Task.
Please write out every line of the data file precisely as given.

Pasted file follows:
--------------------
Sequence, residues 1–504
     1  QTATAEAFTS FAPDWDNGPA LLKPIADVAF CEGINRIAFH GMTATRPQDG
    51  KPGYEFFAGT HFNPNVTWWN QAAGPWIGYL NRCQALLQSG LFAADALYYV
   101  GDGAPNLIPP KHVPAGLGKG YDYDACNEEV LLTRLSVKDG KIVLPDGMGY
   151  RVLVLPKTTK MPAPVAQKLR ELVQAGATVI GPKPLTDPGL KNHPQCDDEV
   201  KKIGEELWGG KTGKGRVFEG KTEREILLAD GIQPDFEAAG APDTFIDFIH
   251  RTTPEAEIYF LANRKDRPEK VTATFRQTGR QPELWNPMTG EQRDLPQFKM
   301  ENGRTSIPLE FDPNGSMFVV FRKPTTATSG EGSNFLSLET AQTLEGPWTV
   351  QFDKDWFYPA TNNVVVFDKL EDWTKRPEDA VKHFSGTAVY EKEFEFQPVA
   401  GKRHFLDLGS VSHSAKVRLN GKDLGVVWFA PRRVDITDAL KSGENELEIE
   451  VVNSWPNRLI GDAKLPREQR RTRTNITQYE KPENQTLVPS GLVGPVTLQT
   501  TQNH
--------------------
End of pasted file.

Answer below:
Sequence, residues 1–504
     1  QTATAEAFTS FAPDWDNGPA LLKPIADVAF CEGINRIAFH GMTATRPQDG
    51  KPGYEFFAGT HFNPNVTWWN QAAGPWIGYL NRCQALLQSG LFAADALYYV
   101  GDGAPNLIPP KHVPAGLGKG YDYDACNEEV LLTRLSVKDG KIVLPDGMGY
   151  RVLVLPKTTK MPAPVAQKLR ELVQAGATVI GPKPLTDPGL KNHPQCDDEV
   201  KKIGEELWGG KTGKGRVFEG KTEREILLAD GIQPDFEAAG APDTFIDFIH
   251  RTTPEAEIYF LANRKDRPEK VTATFRQTGR QPELWNPMTG EQRDLPQFKM
   301  ENGRTSIPLE FDPNGSMFVV FRKPTTATSG EGSNFLSLET AQTLEGPWTV
   351  QFDKDWFYPA TNNVVVFDKL EDWTKRPEDA VKHFSGTAVY EKEFEFQPVA
   401  GKRHFLDLGS VSHSAKVRLN GKDLGVVWFA PRRVDITDAL KSGENELEIE
   451  VVNSWPNRLI GDAKLPREQR RTRTNITQYE KPENQTLVPS GLVGPVTLQT
   501  TQNH